Pushed by Players, the N.F.L. Works to Embrace Mental Health

Prescott said that he is in regular contact with the Cowboys’ mental health and wellness consultant, Yolanda Bruce Brooks, as well as the team’s mental conditioning coach, Chad Bohling, and that he realized that talking to a therapist on both good days and bad helped him be consistent on and off the field.

His brother Jace died by suicide in April 2020, and Prescott has said he dealt with anxiety and depression that year, in part brought on by a contract negotiation and his recovery from season-ending ankle operations. He has publicly stressed the importance of mental health, writing “Ask4Help” on his game-day wristband to promote suicide prevention and starting FaithFightFinish, a foundation that, among other things, encourages prioritizing mental health.

N.F.L. players face the same traumas, disorders and conditions that affect the rest of the population, but they may also seek treatment or support because of challenges specific to their careers.

Thomas’s sister, Ella, died by suicide in 2018, and he was depressed for months afterward. In February 2020, he tore the labrum in one of his shoulders, and, a month later, he had surgery for a bone spur in his ankle. He recovered in time for the season, but in only his second game, tore the anterior cruciate ligament in his left knee. Recognizing the onset of depression after another season-ending injury, Thomas began talking to a therapist and established his own mental wellness routines, which he has maintained.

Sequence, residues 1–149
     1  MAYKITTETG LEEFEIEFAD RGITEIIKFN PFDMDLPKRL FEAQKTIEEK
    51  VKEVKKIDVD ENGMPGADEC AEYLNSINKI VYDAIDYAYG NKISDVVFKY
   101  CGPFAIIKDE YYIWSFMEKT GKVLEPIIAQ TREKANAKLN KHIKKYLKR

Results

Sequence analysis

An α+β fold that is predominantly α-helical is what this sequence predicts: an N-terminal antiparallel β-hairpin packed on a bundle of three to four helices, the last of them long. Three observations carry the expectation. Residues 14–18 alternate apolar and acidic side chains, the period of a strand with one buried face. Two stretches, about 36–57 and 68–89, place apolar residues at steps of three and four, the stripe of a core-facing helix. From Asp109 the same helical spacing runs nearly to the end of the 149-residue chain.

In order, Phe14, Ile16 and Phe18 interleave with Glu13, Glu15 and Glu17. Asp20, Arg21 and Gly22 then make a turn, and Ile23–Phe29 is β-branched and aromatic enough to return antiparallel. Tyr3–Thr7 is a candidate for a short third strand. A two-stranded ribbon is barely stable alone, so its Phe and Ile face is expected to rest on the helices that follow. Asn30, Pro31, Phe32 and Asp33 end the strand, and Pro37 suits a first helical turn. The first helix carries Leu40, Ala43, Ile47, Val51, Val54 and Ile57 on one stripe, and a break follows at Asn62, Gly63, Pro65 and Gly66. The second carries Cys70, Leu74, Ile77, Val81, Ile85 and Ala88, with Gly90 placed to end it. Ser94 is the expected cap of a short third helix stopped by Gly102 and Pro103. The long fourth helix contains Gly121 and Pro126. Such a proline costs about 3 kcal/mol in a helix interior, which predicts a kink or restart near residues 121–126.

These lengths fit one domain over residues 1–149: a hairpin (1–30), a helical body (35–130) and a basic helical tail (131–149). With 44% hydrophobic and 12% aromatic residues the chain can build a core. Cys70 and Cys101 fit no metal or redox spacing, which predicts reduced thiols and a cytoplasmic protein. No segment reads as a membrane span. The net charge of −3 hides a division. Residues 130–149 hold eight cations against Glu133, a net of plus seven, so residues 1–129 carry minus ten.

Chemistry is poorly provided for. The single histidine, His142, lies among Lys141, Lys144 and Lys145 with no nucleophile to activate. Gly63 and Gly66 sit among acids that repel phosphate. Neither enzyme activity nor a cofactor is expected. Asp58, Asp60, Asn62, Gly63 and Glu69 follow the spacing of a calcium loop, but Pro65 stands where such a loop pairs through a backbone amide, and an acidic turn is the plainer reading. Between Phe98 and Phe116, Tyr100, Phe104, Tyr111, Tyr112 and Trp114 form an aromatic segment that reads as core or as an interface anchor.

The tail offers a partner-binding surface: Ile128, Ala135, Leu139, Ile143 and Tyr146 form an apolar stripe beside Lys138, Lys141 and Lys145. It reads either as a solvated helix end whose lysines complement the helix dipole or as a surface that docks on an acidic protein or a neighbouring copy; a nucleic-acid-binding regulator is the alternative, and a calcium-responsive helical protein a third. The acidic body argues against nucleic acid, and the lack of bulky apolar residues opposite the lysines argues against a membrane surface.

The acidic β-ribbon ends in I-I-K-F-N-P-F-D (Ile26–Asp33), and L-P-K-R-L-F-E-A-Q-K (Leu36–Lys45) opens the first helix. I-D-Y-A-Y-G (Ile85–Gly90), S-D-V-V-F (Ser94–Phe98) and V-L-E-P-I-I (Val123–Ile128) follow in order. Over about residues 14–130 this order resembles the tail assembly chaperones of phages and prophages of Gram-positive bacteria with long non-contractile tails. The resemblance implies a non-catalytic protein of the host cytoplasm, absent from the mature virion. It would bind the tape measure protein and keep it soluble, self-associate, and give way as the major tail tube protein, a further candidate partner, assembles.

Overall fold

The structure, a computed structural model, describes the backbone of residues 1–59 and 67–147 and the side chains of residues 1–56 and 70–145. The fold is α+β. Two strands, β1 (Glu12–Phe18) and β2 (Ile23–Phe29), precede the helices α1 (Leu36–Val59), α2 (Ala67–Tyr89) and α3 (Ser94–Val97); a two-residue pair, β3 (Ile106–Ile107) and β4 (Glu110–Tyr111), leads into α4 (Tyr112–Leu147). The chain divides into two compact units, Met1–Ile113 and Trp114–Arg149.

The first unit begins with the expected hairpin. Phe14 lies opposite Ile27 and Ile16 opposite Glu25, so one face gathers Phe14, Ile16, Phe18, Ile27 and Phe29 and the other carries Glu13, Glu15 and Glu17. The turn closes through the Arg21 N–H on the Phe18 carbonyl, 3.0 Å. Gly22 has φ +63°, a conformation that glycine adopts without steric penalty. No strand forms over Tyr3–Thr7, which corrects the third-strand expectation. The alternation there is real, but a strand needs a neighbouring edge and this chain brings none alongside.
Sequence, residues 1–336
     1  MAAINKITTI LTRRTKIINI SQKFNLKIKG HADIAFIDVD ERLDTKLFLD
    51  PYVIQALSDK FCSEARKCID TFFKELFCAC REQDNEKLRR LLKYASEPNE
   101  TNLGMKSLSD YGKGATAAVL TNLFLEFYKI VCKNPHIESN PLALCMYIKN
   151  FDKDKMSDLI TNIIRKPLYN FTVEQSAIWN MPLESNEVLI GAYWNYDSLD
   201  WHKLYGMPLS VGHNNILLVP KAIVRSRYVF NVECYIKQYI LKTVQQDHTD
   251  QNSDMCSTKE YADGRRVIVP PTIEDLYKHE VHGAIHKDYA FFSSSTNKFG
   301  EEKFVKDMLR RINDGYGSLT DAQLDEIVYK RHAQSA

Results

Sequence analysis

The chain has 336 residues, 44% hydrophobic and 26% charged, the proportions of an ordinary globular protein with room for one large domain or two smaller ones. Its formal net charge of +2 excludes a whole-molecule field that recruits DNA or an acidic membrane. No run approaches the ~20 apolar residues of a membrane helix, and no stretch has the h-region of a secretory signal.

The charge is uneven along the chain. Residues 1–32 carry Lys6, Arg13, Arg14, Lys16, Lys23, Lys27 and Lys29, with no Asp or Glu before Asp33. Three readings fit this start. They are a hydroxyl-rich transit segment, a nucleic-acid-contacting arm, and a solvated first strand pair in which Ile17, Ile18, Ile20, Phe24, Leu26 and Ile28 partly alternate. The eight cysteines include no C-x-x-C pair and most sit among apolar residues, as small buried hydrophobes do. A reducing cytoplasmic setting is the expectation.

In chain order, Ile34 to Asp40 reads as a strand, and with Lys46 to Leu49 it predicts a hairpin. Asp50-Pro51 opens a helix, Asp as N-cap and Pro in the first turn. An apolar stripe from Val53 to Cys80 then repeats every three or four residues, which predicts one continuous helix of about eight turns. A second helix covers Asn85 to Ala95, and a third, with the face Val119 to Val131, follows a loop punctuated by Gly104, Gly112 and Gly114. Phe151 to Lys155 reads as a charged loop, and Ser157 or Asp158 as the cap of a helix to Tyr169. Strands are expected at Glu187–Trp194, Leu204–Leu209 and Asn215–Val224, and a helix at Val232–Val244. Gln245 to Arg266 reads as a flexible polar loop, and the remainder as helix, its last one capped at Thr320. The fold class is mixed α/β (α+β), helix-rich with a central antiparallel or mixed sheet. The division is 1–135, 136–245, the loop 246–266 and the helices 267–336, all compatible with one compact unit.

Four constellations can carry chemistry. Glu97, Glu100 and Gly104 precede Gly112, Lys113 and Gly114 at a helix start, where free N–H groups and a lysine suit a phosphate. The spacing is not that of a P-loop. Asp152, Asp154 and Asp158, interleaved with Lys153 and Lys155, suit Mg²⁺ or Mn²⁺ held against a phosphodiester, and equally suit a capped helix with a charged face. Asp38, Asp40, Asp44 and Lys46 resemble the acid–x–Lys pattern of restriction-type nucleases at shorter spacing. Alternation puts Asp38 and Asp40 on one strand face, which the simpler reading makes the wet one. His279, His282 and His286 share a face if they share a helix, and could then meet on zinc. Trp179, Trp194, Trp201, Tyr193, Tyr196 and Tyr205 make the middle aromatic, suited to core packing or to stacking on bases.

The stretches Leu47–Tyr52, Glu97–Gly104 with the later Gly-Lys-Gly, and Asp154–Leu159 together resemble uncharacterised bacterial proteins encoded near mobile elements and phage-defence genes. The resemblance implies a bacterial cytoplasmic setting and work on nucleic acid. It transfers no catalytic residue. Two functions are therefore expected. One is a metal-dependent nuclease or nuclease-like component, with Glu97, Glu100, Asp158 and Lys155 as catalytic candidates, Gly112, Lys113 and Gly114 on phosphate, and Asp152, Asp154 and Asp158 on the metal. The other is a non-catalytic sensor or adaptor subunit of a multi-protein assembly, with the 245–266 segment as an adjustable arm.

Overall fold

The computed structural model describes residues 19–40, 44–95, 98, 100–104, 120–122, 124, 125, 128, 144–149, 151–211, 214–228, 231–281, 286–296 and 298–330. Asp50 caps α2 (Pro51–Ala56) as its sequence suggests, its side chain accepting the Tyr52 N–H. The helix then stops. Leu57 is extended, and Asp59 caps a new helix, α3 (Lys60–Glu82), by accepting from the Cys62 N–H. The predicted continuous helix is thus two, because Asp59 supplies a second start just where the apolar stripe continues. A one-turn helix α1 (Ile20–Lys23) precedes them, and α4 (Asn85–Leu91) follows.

During training camp, Thomas wrote in a journal every morning. Teammates would see and ask him about it, and he’d explain his daily affirmations and talk about his mindfulness practices, encouraging them to find their own routines and rhythms. In 2020, he and his family started a nonprofit organization called The Defensive Line, which is aimed at suicide prevention, particularly among young people of color.

He is hopeful about the cultural shift he said he had witnessed within the N.F.L. “I’ve seen how sensitive locker rooms can be now, in a loving and compassionate way — guys being such good teammates and being there for each other’s families,” Thomas said. “It’s definitely more open now.”